From: ultred ragnusen <>
Subject: Re: The Feds Can Now (Probably) Unlock Every iPhone Model In Existence
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From: ultred ragnusen <>
Subject: Re: The Feds Can Now (Probably) Unlock Every iPhone Model In Existence
Date: Fri, 2 Mar 2018 14:15:18 -0800
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Ken Hart<> wrote:

> I have a pistol laying on the shelf right now. I could take it into my 
> garage and remove the serial number. So long as I don't get caught with 
> that un-numbered firearm, nothing will happen to me.
> (For the record, my pistol has it's serial number intact, and I have a 
> concealed carry permit for it.)

We already had this discussion ages ago on the Android and iOS newsgroups,
where I posited that the mere fact that a law exists against a number (such
as that of your pistol or a VIN law or that UK law) is /already/ an
admission that something has gone very wrong with the system.

Hear me out, since this is a philosophical argument that the mere fact that
the UK has created a law that isn't even intended to be enforced so much as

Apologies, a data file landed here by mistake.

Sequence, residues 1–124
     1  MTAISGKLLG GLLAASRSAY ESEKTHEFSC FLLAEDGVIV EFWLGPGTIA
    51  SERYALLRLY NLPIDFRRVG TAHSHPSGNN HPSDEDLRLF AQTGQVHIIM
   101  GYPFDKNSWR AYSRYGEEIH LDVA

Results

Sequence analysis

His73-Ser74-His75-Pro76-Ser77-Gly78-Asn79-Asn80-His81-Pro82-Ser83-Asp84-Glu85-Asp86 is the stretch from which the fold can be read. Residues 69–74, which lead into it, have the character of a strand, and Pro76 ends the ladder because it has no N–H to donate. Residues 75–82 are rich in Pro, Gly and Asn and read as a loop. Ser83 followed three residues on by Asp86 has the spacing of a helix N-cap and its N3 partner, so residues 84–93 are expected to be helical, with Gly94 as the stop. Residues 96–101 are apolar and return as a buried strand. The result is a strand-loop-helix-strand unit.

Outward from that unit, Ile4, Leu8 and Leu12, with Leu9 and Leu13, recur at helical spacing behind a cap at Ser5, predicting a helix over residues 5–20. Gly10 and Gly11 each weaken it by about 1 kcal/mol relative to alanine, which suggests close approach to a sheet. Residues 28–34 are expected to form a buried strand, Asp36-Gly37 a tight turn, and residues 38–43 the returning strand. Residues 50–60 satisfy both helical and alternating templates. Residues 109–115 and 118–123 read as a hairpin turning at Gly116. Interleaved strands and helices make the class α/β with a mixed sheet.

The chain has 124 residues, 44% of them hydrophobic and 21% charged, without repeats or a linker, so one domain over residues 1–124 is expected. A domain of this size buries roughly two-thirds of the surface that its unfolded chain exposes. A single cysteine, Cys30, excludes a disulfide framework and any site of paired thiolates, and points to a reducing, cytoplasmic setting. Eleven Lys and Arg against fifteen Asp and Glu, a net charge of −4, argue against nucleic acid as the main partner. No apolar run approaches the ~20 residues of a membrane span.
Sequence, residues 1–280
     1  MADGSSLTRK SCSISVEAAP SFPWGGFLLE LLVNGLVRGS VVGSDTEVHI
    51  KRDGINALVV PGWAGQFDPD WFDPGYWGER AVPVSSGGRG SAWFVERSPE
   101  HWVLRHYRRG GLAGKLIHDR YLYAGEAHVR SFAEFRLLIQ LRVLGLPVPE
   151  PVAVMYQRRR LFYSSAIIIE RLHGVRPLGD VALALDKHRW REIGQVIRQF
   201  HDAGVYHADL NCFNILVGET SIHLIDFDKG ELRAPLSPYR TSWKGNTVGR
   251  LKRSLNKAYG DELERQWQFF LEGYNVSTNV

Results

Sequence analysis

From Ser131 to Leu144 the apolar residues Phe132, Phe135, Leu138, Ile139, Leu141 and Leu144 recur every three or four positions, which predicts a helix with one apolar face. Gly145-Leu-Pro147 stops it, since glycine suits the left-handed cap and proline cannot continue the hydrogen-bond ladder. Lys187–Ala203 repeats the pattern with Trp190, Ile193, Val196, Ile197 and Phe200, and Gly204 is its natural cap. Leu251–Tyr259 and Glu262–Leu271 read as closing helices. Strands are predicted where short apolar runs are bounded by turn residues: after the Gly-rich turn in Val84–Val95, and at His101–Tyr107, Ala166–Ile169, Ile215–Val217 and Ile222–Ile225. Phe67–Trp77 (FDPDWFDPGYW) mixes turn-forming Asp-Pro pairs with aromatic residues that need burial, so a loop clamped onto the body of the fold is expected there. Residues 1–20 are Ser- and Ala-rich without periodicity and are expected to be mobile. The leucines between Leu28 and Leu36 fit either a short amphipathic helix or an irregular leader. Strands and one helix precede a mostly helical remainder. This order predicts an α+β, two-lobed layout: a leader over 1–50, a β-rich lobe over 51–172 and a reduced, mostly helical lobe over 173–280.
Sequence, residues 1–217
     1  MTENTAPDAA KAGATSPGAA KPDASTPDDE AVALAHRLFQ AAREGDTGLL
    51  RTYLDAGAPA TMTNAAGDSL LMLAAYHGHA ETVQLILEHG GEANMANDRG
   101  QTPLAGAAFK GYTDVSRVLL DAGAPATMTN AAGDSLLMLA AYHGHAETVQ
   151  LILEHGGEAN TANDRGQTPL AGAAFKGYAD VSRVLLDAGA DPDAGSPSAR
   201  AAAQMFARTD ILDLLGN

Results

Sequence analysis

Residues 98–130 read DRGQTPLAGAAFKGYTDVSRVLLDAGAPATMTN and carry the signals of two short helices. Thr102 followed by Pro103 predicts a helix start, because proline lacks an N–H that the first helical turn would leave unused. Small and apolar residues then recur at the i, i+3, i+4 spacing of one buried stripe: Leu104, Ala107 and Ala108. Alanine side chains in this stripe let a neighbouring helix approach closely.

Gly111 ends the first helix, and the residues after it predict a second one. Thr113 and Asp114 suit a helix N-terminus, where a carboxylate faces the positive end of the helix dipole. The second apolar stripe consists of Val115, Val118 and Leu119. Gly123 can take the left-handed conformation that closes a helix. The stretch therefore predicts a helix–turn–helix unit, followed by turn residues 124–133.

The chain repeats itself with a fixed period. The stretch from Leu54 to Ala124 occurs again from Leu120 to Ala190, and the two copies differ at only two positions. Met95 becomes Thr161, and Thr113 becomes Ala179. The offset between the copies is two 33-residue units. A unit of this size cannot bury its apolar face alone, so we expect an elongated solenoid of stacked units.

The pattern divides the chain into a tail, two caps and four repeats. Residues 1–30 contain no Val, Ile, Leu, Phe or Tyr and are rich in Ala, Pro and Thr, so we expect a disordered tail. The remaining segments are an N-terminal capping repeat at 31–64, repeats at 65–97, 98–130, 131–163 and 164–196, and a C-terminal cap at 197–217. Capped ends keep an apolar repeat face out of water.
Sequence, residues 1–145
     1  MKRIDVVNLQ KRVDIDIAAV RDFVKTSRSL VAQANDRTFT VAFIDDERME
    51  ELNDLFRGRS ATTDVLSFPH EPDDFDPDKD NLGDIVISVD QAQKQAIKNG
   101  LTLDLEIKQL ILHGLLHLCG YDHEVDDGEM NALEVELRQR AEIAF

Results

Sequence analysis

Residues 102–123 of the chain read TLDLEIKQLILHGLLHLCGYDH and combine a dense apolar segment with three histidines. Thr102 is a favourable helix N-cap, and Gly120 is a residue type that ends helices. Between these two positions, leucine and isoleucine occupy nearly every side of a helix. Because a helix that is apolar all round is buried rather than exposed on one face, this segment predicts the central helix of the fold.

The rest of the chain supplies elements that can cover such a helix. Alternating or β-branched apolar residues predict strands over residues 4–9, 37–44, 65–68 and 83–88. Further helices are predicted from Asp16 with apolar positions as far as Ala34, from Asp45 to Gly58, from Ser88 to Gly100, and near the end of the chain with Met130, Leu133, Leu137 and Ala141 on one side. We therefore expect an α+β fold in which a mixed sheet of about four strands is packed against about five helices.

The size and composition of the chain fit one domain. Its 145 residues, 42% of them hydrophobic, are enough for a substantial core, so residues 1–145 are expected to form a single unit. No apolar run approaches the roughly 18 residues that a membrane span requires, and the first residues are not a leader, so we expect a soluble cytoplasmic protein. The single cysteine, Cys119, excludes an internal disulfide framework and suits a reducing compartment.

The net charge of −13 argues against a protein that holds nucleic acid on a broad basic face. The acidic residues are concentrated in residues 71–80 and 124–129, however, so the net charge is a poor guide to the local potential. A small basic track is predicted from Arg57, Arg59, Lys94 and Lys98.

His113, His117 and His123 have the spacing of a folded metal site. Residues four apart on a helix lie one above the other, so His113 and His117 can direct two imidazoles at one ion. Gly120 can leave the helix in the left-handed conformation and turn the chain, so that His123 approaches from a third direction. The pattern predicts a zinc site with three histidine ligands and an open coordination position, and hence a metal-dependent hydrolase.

it's really intended to "send a message" means, in and of itself, that
something is wrong with the system.

The same parallel holds for your gun serial number. It's actually illegal,
I think, in the USA, to erase the serial number, is it not? Why might you
ask is there a law, essentially, against a number?

It's because the system uses that cheap trick, just as they got Al Capone
on tax evasion or racketeering (whatever they got him on - it wasn't for
murder), because they can't catch people doing the real criminal acts. 

The system is broken - so - as a cheap political trick - they make a law
against a number.

The same law-against-a-number does NOT happen in the USA with cars, or with
license plates, but, many people (like nospam) /think/ it happens with cars
and license plates.

For example, I have a large private property and a car. 
It's perfectly legal for me to change my VIN or change my license plate,
and drive around my private property. 

What's illegal is to change them and then drive on a public road, but
that's a different law than simply changing the VIN.

So, my parallel is that changing an IMEI and /then/ selling a stolen phone
whose IMEI you changed, has a series of illegal acts, where the act of
selling the stolen phone is the illegality, not the act of changing the
IMEI (in the USA).

If you change your IMEI on your spare phone in your drawer, which I've
done, that's not illegal except in the UK, where I posit that the system
has broken down such that they felt the /need/ for such a silly law in the
UK, where even they don't enforce it in the UK.